Saturday, June 26, 2010

The Point Accent

If you hail from the Point, it doesn’t take long for someone to figure it out. Even if your last name doesn’t end with –ich or –eaux, the second you open your mouth, everyone knows your roots rest somewhere east of downtown.

This distinctive accent, largely native to the Point, but also heard around the Back Bay and other East Biloxi neighborhoods is less common in Central and West Biloxi. You definitely don't hear it in Long Beach, Gulfport or Pascagoula although you do hear something that sounds like it around Bay St. Louis.

It’s hard to describe the Point Cadet accent in print. Think Brooklyn crossed with a Southern drawl and you’re pretty close. A friend of mine from Massachusetts visiting East Biloxi for the first time declared, “I love this place. Everybody sounds like Joe Pesci.”

And, by the way, the true old timers never pronounced their neighborhood’s name as we do now. It was Point Caddy to them.

So how did this Noo Yawk accent wind up in the deepest part of the Deep South? And why did it largely skip over much of the rest of Mississippi’s coastal communities?

It all goes back to early 20th century immigration and its way of creating melting pots within a very short period of time. At the turn of the last century, New Orleans and Biloxi, received large numbers of people from Italy and what later became Yugoslavia, as well as Acadian French descendants from the swamps of South Louisiana. All of them were drawn by the booming seafood industry. New Orleans, more than Biloxi, also received Irish and German immigrants which explains why, in some neighborhoods, their regional accent is similar to, but slightly different than what you hear in some parts of Biloxi.

As the newcomers settled into the same working class neighborhoods, their various accents melded and evolved.

As evocative as these distinctive, if less than dulcet, tones are of our local culture, it’s hard to believe they they may be a short-lived phenomenon. The accent, so strong in my grandparents’ and parents’ generations, has started to fade away. Blame it on our transient society, where people move away from their old neighborhoods, and on the mass media which has affected all regional dialects to some degree.

In another generation or so , those dropped gs, screwy diphthongs and misplaced possessives may be heard only in oral history archives. A relic like the old downtown Biloxi Woolsworth (Woolworth’s to the rest of the world).

Aw, dawlin’, dey won’ know what dey missin’.

Red Bean Salad

The accent is on flavor in this favorite Point summer salad. This recipe does it the old-fashioned way, with red beans cooked from scratch, but today's busy cooks just substitute canned red beans..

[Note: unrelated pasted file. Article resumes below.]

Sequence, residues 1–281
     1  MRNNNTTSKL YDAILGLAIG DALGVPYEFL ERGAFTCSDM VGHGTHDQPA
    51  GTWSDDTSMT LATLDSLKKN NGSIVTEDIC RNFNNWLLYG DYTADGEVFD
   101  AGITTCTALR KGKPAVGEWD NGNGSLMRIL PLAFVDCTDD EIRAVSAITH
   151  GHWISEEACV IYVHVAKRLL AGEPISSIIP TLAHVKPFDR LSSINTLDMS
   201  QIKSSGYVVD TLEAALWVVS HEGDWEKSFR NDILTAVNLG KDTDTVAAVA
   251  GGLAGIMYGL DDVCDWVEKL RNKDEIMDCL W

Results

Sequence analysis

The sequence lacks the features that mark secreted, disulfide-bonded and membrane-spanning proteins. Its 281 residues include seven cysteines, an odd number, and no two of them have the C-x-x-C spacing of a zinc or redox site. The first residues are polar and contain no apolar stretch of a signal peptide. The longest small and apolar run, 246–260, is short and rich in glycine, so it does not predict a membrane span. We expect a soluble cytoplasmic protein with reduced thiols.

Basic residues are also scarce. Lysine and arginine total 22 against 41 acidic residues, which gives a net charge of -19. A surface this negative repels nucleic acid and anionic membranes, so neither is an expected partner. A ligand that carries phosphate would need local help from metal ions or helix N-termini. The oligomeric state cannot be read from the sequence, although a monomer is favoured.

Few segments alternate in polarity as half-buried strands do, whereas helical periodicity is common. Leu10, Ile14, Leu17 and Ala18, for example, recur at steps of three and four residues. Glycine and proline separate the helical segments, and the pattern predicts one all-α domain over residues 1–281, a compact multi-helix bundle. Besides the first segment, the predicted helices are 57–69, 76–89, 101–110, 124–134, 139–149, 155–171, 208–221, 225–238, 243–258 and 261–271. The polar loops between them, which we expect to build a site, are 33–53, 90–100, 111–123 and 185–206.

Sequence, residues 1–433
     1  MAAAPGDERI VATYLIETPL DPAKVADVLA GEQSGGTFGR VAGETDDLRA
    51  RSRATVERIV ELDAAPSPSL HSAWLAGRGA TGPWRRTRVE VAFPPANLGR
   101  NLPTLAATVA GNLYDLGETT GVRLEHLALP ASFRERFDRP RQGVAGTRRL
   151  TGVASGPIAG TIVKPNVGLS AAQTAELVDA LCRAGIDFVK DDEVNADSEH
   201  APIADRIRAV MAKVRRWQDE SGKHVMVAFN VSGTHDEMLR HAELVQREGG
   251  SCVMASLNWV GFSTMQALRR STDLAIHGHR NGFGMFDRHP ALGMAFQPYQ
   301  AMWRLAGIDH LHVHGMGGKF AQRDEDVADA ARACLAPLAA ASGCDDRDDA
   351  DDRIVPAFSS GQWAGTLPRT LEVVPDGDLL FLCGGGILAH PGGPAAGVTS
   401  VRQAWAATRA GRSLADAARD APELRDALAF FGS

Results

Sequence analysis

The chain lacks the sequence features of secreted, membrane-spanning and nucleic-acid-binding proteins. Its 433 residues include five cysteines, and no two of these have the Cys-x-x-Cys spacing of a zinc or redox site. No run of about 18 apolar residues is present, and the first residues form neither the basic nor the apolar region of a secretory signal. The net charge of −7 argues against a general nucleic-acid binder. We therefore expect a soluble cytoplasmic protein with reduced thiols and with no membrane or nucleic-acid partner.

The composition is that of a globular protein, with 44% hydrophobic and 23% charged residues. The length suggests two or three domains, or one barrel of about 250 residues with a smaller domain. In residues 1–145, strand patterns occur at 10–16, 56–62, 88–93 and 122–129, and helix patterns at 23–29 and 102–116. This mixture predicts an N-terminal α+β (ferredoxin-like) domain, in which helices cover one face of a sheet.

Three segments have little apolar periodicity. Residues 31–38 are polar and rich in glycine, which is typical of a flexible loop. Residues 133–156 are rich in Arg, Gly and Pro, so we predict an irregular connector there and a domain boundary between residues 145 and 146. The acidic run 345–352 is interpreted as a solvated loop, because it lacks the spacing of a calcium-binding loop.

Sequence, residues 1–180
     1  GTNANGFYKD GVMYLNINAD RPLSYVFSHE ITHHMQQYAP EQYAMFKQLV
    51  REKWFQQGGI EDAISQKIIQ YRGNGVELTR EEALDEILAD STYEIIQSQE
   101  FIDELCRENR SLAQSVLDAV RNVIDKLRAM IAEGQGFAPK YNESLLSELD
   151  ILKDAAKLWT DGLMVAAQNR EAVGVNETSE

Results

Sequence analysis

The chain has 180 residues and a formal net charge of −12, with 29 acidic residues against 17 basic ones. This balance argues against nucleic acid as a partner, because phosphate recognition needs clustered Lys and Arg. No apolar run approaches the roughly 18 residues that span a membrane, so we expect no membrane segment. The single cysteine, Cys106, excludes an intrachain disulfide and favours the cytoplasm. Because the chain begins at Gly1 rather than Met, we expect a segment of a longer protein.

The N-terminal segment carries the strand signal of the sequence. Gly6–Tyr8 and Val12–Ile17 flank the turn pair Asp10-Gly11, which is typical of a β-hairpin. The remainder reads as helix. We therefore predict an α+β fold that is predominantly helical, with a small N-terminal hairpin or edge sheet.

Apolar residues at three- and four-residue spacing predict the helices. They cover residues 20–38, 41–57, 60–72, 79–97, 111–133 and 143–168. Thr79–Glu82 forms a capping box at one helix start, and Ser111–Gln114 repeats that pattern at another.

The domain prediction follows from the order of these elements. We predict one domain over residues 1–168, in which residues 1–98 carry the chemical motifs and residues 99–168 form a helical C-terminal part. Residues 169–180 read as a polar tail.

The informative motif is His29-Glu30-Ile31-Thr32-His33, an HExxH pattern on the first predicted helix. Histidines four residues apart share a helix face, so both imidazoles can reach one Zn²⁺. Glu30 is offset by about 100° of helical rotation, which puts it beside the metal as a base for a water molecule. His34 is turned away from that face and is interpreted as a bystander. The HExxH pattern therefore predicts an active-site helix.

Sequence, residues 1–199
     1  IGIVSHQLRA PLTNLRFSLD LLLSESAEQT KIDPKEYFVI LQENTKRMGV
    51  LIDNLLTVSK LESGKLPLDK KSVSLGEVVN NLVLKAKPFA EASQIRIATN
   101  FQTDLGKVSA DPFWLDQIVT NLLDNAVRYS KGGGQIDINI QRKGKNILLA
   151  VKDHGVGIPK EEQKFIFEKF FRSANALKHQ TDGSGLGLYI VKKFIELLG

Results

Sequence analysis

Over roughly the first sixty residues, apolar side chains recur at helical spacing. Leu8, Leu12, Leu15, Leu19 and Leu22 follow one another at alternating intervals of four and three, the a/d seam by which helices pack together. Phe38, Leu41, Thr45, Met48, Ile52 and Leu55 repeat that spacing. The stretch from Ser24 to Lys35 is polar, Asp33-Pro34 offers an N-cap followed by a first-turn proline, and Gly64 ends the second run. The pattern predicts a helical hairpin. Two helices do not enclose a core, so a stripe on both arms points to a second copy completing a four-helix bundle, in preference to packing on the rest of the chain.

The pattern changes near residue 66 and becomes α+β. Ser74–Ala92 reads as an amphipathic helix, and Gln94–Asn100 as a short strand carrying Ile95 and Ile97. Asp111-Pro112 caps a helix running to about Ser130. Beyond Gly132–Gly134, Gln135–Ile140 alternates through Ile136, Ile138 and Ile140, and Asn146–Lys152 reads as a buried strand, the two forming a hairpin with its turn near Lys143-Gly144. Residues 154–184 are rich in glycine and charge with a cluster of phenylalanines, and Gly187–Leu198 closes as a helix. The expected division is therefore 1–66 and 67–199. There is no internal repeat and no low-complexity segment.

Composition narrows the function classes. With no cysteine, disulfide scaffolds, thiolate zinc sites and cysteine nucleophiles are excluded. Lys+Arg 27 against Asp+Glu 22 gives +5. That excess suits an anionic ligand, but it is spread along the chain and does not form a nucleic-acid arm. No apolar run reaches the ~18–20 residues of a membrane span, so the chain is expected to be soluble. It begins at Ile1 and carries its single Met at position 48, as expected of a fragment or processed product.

1 cup of dried red beans
4 cups of water
(OR SUBSTITUTE 2-3 cans of red beans, rinsed well)
1 chopped onion
1/4 cup of good olive oil
1 T vinegar
Salt and pepper to taste

Rinse and sort beans. If cooking from scratch, bring beans and water to a boil and cook until tender. Drain well. Add chopped onion, olive oil, salt and pepper. Toss to blend. Refrigerate two hours and serve cold. This salad s a good accompaniment to grilled pork chops or sausage.

Friday, June 18, 2010

It Ain't Summer Unless I Have a Green Tongue

How do you know when hot weather has come to South Mississippi (besides the obvious)? When snoball stands start popping up like toadstools after a rain. What coffee stands are to the Pacific Northwest, the snoball stand is to the Deep South.

Whether you call them snow cones or snoballs, whether your preference tends toward the crushed ice or the shaved ice popularized by Hansen's Sno Blitz in New Orleans, there is no more refreshing treat on a hot sticky summer night.

Today's snoball stand menus are a gourmand's delight offering a head-swimming variety of flavors like Bridal Cake, Fuzzy Navel and Strawberry Shortcake. You can get them plain (one flavor), rainbow (multi-flavors) or topped with condensed milk (heaven).

Like my mother, I tend toward simplicity. Nothing beats a nice refreshing spearmint snoball. It is the perfect antidote to humidity.

For years, the most popular snoball stand in Biloxi was Mille's at the foot of the old Back Bay Bridge on Caillavet Street. People would drive from all over town to stand in line (which would often wrap around itself 3 times) and wait nearly an hour just for a snoball.

Yeah they were that good.

I don't have a recipe for this post. And with cheap snoball stands on every street corner this time of year who needs one? Part of the thrill -- dare I say even the majority of it -- comes from the expedition itself.